Home Video Hovel- Ballplayer: Pelotero, by Aaron Pinkston
Ballplayer: Pelotero is a prime example of the American Dream — only the film tells the story of a group of young men from the Dominican Republic. As the film’s opening moments tell us, 20% of major and minor league baseball rosters are filled by men from the tiny island nation. This is a staggering statistic given that the Dominican Republic has about 2% the population of the country where Major League Baseball is mostly played and consumed. More than any other professional sport, baseball is economics. Because there is no limit on what a team can spend, wealthy teams like the New York Yankees or Boston Red Sox can spend hundreds of millions of dollars that smaller market teams couldn’t dream to budget. With this system, teams looked outside of the expensive American high school and college standouts to countries like the Dominican Republic, where potential superstars could be signed for thousands instead of millions. But for these impoverished people, even thousands of American dollars is a dream worth sacrificing everything for.
Ballplayer: Pelotero (“Pelotero” is a slang word for ‘ballplayer’ in the Dominican) uses two young men as a representation for the hundreds of Dominican athletes that are paid to play baseball. The two representatives, Miguel Angel Sano and Juan Carlos Batista, have a lot in common — they are both determined to make something of themselves, driven by their poor family upbringing, and they are also top-of-the-line major league prospects. Outside of these two, we meet their trainers, families, agents and the scouts trying to win their services. Though the filmmakers couldn’t know the fates of its two subjects, they probably couldn’t have picked two better ones. With just these two figures, the film is able to explore every relevant topic surrounding Dominican ‘peloteros.’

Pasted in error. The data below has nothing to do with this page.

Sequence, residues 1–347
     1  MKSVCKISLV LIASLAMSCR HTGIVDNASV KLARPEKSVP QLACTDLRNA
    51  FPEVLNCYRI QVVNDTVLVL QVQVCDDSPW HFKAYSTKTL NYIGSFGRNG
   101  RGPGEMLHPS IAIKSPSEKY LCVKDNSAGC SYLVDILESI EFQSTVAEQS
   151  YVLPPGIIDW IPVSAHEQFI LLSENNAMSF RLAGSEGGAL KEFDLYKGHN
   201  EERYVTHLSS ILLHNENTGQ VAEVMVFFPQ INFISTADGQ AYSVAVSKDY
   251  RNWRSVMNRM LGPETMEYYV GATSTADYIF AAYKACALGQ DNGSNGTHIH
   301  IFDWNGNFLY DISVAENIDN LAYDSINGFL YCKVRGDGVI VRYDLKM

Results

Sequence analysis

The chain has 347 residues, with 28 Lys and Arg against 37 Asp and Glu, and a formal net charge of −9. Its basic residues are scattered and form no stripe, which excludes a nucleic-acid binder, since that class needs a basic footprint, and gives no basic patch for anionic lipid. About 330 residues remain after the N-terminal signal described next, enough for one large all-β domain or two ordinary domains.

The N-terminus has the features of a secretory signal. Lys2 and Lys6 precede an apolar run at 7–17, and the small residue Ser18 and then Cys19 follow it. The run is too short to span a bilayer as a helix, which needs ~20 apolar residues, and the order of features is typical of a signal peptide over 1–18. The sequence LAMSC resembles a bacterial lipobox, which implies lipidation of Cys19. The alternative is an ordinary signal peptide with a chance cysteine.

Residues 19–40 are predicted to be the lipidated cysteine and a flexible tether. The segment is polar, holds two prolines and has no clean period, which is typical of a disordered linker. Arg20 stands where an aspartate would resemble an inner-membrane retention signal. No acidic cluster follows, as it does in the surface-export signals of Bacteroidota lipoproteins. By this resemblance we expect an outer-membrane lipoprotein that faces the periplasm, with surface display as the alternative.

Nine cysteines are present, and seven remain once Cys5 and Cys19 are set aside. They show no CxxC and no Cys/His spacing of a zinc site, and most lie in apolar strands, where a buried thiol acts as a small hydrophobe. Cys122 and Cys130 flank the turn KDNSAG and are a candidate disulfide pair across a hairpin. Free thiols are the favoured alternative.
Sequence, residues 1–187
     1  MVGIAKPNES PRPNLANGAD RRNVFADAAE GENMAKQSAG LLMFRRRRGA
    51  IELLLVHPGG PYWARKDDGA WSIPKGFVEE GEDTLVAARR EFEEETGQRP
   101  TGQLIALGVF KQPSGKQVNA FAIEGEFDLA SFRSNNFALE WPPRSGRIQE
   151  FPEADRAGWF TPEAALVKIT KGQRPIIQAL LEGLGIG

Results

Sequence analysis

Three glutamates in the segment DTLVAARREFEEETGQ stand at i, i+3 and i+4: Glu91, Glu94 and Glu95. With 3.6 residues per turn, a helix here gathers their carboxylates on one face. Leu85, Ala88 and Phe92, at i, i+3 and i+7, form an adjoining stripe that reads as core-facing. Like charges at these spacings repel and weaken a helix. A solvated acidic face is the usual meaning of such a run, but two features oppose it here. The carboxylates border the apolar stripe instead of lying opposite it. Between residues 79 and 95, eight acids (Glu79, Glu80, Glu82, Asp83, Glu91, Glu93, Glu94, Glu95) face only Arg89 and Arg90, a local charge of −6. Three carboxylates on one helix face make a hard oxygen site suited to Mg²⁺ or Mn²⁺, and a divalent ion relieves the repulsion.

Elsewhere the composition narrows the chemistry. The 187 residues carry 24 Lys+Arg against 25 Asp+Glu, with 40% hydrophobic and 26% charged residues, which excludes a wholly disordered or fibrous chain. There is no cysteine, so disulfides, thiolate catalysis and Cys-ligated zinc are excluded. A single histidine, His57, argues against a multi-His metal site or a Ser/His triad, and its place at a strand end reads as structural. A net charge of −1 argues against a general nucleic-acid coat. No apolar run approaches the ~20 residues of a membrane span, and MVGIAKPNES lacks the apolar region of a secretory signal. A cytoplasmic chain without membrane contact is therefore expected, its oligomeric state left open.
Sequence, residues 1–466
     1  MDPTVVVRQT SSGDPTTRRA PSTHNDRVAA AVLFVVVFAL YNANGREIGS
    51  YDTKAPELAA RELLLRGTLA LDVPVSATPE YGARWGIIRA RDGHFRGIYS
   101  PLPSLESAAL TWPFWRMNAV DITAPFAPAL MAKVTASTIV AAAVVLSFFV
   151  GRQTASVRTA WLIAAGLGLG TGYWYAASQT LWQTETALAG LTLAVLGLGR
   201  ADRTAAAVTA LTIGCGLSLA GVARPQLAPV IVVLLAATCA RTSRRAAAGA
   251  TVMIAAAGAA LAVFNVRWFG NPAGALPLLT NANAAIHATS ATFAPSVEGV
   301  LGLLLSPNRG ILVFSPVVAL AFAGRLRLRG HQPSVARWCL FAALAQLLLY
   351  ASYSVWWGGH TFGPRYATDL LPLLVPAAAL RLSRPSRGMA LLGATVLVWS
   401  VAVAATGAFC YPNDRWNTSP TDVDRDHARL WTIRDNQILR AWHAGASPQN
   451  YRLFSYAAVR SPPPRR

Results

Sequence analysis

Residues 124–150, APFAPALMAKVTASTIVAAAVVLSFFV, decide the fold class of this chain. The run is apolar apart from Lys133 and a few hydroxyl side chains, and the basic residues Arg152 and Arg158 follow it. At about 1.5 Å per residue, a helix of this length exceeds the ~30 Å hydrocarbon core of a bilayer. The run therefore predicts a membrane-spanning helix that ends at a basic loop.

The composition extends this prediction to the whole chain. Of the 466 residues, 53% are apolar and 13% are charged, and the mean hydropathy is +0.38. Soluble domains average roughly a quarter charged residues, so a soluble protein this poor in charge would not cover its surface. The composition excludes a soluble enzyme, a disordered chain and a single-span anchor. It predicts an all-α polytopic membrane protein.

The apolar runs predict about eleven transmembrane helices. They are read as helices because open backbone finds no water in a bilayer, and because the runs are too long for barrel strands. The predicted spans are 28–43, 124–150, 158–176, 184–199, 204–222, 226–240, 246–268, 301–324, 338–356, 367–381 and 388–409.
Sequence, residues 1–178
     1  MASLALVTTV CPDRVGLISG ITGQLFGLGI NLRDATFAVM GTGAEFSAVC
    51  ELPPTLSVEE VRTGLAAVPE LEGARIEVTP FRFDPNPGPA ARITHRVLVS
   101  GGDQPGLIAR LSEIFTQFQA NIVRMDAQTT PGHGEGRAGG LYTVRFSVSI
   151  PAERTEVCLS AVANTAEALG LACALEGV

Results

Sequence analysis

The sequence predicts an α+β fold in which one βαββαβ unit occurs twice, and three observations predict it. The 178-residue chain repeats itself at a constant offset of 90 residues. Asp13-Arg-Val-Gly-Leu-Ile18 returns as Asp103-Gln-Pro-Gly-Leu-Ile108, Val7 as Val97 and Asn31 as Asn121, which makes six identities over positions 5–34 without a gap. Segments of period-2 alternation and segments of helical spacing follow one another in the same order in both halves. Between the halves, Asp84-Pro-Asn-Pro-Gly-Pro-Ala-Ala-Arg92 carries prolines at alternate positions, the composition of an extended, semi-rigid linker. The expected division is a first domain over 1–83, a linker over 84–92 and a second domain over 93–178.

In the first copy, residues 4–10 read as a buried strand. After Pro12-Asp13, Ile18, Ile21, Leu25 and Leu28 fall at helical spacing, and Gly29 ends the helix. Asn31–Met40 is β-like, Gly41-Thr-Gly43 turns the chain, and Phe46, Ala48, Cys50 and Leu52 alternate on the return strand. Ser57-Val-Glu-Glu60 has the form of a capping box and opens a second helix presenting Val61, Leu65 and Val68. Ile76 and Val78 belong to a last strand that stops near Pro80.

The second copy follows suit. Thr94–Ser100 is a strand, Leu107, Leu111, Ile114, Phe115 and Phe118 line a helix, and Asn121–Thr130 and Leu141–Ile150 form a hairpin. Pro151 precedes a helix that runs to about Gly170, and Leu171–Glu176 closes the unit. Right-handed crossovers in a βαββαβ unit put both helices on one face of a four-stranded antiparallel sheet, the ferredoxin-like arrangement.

Though only 77-minutes, the film is an adequately complete depiction of the signing process for a Dominican prospect. We don’t get a lot of footage of the years of training required to get on this level, but the opening scenes of the film do well enough to represent the great sacrifices that are made by both players and trainers. While the young boys basically have to leave their family from the age of 13 to extensively focus on training, their coaches pay for their food, shelter, equipment and anything else necessary without being paid a dime, with only the hopes of getting the young man a major league contract and taking a portion of his signing bonus as commission. The focus of the film are the months leading up to the eligible signing date, July 2 of each year, with numerous tryouts and tireless negotiations. By doing this, we get enough baseball to understand the central figures’ abilities, but are more impacted by the strain put on them and their families when coming near the time to sign a contract.
One surprising aspect of Ballplayer: Pelotero is that it doesn’t hide or shy away from the criticisms of this signing process. Most baseball fans are fully aware of the many scandals surrounding Dominican players. Because of the pressures of being a can’t-miss prospect by the young age of 16, many talented players will misrepresent their age or use performance enhancing drugs to increase their chances of being signed by a team and receive as much money as possible. Whenever a Dominican prospect is signed by a team, doubts are always expressed by professional journalists and message board cynics alike — even superstars like Albert Pujols were asked to present a birth certificate before signing a huge deal this past offseason. By so strongly depicting the world of these kids, Pelotero effectively shows how these problems arise and actually gave me a bit of sympathy (at least an understanding) for those who do try to skirt the system. Even more, the film dives into the process that all young prospects in the Dominican are now subject to, including a very invasive investigation complete with bone scans and DNA tests to prove their parents. As one talking head claims, it’s like these men are guilty until proven innocent of everything. The process as shown in the documentary is dirty, filled with backhanded dealings, a real eye-opener for fans who hear about these kids for the first time when their favorite team signs them. I realize it’s a totally different situation, but if American high school athletes were subject to the same examination, the ACLU would probably get involved.
As this is a documentary about two young sport hopefuls, I imagine some may compare it with Steve James’s Hoop Dreams. Filmmakers Ross Finkel, Jonathan Paley and Trevor Martin don’t have or use the extensive time and resources to make such an exhaustively complete document. Though it might not overwhelm in any aspect of its filmmaking, Ballplayer: Pelotero is undoubtedly complete in its look at the pressures and the process. An interesting companion piece is Anna Boden & Ryan Fleck’s Sugar, which holds like a fictionalized sequel to the events in this documentary. That would certainly make a pretty great double feature.